Jonathan Hickman (Writer), Jerome Opeña, Dustin Weaver (Artists), Justin Ponsor (Colorist)
The Story: Things heat up as Corvus Glaive wants to claim a tribute from the Inhumans and the Avengers are off with the rest of the Universe against the Builders.
The Review: Cautious optimism is an attitude that many readers learn to have when dealing with a great many things. Sometimes, despite the fact that many elements are lining up together in a way that feels too good to be true, it is normal to have some kind of defensive mechanism against too much hype. This kind of position is one that is very connected to event comics, as those type of stories are usually much hyper, with key sentences like ”nothing will ever be the same again” or ”this will have key repercussions across the whole line and the future of the shared universe”. With so many events failing to actually live up to their potential, it seems normal to adapt our desires to being a bit disappointed, as many events begins on a strong note only to falter in its own conclusion as each chapters reveals flaws that just kill the hype for its readers.
By having this attitude, a reader can also receive something that is not the norm to see, yet is always utterly pleasant when it arrives: surprise. This issue of Infinity definitely fits that very description, as the strong, yet mysterious direction does serve the story and the themes quite well. As the two fronts are given some attention, both of them receive either a ton of action and emotions, while the other receive mystery and revelations that really do make for two distinct stories that never really clash against each other.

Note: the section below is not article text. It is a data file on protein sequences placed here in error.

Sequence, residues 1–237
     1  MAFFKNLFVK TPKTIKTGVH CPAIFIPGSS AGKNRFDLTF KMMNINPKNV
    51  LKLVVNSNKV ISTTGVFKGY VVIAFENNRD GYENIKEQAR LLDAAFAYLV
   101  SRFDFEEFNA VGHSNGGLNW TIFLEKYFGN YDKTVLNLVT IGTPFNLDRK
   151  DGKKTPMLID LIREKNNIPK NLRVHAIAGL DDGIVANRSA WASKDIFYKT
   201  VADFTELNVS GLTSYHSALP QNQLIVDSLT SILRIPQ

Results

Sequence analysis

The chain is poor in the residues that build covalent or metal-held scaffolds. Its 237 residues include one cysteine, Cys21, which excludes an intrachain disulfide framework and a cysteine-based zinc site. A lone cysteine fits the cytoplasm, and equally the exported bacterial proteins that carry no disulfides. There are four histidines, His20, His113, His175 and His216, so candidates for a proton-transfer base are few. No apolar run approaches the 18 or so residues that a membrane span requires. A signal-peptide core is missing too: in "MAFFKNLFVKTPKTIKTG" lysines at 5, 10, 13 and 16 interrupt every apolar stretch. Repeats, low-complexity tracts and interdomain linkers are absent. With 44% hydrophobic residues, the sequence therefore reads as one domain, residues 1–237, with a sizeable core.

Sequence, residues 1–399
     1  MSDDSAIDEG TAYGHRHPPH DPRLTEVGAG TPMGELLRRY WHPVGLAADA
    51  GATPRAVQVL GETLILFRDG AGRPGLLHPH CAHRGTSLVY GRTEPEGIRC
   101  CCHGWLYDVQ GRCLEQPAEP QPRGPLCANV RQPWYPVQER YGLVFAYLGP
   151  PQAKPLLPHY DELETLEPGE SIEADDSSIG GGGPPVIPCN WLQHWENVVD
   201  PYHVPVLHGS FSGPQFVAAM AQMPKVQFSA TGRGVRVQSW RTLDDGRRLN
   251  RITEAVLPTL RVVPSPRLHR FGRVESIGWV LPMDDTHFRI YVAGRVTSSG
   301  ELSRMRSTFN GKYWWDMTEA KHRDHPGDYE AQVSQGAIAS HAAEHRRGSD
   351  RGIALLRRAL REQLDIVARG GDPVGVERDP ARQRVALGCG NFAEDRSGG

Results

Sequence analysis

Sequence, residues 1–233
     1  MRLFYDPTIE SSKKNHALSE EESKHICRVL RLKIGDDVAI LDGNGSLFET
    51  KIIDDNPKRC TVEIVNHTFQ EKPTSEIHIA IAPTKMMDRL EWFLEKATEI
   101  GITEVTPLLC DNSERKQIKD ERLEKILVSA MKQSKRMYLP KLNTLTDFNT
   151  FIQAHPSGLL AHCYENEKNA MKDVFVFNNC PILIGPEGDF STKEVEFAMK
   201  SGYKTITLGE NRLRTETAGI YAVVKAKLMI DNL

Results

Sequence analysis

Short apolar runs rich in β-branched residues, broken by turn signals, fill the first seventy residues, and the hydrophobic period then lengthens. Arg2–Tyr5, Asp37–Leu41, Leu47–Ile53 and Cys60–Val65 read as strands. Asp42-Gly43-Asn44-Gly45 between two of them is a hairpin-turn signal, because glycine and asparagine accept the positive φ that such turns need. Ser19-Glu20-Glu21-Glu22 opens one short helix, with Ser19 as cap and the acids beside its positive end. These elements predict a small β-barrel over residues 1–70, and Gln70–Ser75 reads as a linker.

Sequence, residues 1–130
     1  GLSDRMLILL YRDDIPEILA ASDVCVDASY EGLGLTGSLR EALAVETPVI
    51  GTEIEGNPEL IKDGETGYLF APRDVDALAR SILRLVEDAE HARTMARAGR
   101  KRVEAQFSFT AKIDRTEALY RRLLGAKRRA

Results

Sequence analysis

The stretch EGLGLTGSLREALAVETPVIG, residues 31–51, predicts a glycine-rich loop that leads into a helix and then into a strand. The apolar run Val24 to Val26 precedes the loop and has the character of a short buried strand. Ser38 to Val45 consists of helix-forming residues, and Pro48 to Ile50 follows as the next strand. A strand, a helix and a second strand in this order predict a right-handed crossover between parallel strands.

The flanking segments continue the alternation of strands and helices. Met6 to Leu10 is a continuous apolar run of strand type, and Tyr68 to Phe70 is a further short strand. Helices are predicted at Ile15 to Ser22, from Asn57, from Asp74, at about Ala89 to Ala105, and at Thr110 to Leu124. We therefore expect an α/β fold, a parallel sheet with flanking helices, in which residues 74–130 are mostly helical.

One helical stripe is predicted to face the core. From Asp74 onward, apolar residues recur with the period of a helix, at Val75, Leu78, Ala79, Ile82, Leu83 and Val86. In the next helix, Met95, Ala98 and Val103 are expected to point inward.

The first angle being covered is the one on Earth, as Thanos and his Black Order are invading and seeding chaos everywhere they can. Opening up with a scene featuring Abigail Brand and Sydren of S.W.O.R.D., the comic swiftly switches to the Inhumans, then finishes up with the Illuminati. The second angle, all the while, features the Avengers and the Shi’ar with favourites like Mento and Gladiator fighting against the Builders. If there’s one thing that Hickman is doing right in this event so far, it’s selling the point that this is a story encompassing the Marvel universe, with a special emphasis on the universe part.
Playing with a lot of toy in the toy box, he brings home the fact that there are much more characters than simply those in the Avengers that are worthy of attention, yet never really steal the spotlight from these characters. The division between the two angles is done quite right as they receive an equivalent part of the whole issue and development.
Speaking of development, Hickman seems to know very well that the actual event is six issues long, as he does not mess around with his pacing, delivering on each scenes the right amount of action, exposition, dialogue and revelations in order to bring a great amount of story to this event. There is no decompression here as the stakes gets clearer, the action big and the characters become memorable. The readers gets to know what the tribute is, the secret behind Thanos and his incursion on Earth, how the team in space gets their first victory and so forth. It is decidedly not an empty issue.